Finding, keeping friends

Finding, keeping friends

With summer winding down, it's the beginning of fall harvest for pumpkins and squash.

"Sophie's Squash" (2013, Schwartz & Wade Books, written by Pat Zietlow Miller, illustrated by Anne Wilsdorf, ages 3-8) tells the story of a girl and a butternut squash.

When Sophie chooses the squash at the farmers' market, her parents had made plans to cook it for supper. Sophie, however, has other ideas. She draws a face on the squash, wraps it in blankets, names it Bernice and rocks it to sleep. "I'm glad we met," Sophie whispers to the squash. "Good friends are hard to find."

Sophie and Bernice do everything together. Then, one day, her mother says, "Sweet pea Bernice is a squash, not a friend. If we don't eat her soon, she'll get mushy and gross. Let's bake her with marshmallows. Won't that taste yummy?"

Sophie covers Bernice's ears. However, after some time passes, Sophie does notice that Bernice is getting rather soft and spotty and "her summersaults lacked their usual style." So, one day at the farmers' market, Sophie asks a farmer, "What keeps a squash healthy?"

He tells her it's simple: "Fresh air. Good, clean dirt. A little love."

"Well," Sophie thinks. "I have all that." She goes home, clears the leaves from Bernice's favorite spot, makes a soft bed of soil and tucks her in.

"Get better soon," she whispers.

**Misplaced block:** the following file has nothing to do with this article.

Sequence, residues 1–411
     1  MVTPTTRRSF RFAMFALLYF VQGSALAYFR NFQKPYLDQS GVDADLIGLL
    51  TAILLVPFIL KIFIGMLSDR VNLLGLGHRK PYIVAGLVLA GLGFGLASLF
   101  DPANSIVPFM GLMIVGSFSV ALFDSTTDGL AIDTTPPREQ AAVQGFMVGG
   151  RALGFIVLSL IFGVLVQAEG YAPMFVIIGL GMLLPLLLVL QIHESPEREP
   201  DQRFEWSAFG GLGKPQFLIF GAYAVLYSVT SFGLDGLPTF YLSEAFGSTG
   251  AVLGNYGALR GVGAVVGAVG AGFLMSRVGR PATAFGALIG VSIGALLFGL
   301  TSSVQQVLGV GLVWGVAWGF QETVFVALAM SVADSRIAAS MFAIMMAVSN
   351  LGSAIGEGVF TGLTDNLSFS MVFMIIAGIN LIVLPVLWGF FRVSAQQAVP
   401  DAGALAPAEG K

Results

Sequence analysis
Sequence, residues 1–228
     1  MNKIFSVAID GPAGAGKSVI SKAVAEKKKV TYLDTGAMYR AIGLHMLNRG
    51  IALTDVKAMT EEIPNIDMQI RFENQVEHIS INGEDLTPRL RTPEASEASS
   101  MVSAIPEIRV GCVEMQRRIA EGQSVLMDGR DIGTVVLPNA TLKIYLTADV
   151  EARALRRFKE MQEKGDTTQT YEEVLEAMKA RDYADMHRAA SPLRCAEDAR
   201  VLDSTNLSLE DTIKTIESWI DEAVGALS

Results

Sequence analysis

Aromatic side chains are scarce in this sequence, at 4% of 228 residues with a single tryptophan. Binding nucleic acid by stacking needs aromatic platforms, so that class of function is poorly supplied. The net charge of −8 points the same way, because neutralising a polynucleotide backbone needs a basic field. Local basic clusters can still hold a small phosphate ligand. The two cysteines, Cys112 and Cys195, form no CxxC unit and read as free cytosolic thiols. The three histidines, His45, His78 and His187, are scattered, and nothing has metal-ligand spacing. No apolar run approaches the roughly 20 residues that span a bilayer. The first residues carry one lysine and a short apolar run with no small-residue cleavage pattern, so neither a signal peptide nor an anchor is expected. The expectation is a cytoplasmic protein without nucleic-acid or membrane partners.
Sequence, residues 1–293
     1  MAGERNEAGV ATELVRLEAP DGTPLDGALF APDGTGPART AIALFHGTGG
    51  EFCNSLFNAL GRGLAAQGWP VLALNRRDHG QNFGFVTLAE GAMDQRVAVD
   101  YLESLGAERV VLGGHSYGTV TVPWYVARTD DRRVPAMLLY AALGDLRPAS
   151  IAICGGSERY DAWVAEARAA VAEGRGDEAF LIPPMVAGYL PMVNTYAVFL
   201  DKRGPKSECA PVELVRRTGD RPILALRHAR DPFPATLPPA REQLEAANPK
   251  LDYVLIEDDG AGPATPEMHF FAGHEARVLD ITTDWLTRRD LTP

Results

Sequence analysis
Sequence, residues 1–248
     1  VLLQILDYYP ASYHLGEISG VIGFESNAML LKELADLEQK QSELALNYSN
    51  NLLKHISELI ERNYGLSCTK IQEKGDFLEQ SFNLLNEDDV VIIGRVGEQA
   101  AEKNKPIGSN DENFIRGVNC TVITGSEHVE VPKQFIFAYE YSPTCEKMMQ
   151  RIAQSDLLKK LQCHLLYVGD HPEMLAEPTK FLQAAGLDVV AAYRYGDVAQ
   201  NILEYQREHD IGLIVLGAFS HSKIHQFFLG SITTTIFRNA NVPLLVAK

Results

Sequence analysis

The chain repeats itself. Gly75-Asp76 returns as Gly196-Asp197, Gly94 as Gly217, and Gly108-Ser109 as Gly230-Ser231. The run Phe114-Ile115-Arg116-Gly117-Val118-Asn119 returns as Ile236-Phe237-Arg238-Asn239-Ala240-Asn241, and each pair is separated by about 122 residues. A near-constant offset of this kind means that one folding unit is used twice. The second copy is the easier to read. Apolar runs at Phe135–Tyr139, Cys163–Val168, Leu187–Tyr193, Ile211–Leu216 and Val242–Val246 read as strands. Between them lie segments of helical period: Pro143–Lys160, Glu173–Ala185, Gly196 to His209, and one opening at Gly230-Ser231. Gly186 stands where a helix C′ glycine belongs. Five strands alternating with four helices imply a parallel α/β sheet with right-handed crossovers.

That night, snow falls. Sophie's mother reassures her that Bernice is warm under her blanket of snow. Her dad introduces her to Ace, a goldfish in a bowl, and they wait out the long winter. When spring comes, Sophie rushes to the garden and sees a small, green sprout that "looked strangely familiar."

"Wow," Sophie tells the two new squash that grow from the plant, "You look just like your mom." The expressive watercolor illustrations capture the warmth and humor of this beautifully crafted story, as well as the fiercely loyal spirit of a child who's found a friend.

Another book that captures the loyalty of friendship is "A Home for Bird," (2012, Roaring Brook, ages 3-7) written and illustrated by Philip Stead (author of the 2011 Caldecott Medal book, "A Sick Day for Amos McGee").

When Vernon, a foraging frog, finds a lost wooden bird, he invites the bird to join him. Bird says nothing, but Vernon doesn't mind.

"Bird is shy," Vernon tells his friends. "But also a very good listener." Vernon makes Bird a part of his life. He worries, however, about Bird's silence.

"Maybe he misses home," says Porcupine.

So Vernon takes Bird on a journey to find his home. They row down the river in a teacup.

"But no matter how many places they tried, Bird said nothing."

Vernon persists. They tie the teacup to a balloon and fly. Finally they come to an old house, where they stop for the night. On the wall is an old clock. They climb the chain and Vernon puts Bird to bed upstairs in the hutch.

The next morning, the clock strikes six, and "Cuckoo! Cuckoo!" Bird pops out, finally speaking. The rich colors and informal "color outside the line" feel of Stead's mixed media illustrations work well with the warm, childlike text in this feel-good story of friendship.

Alice B. McGinty (, the award-winning author of more than 40 books for children, directs a summer writing camp, Words on Fire, for teens, and tutors school-aged children in writing.

Topics (1):Books

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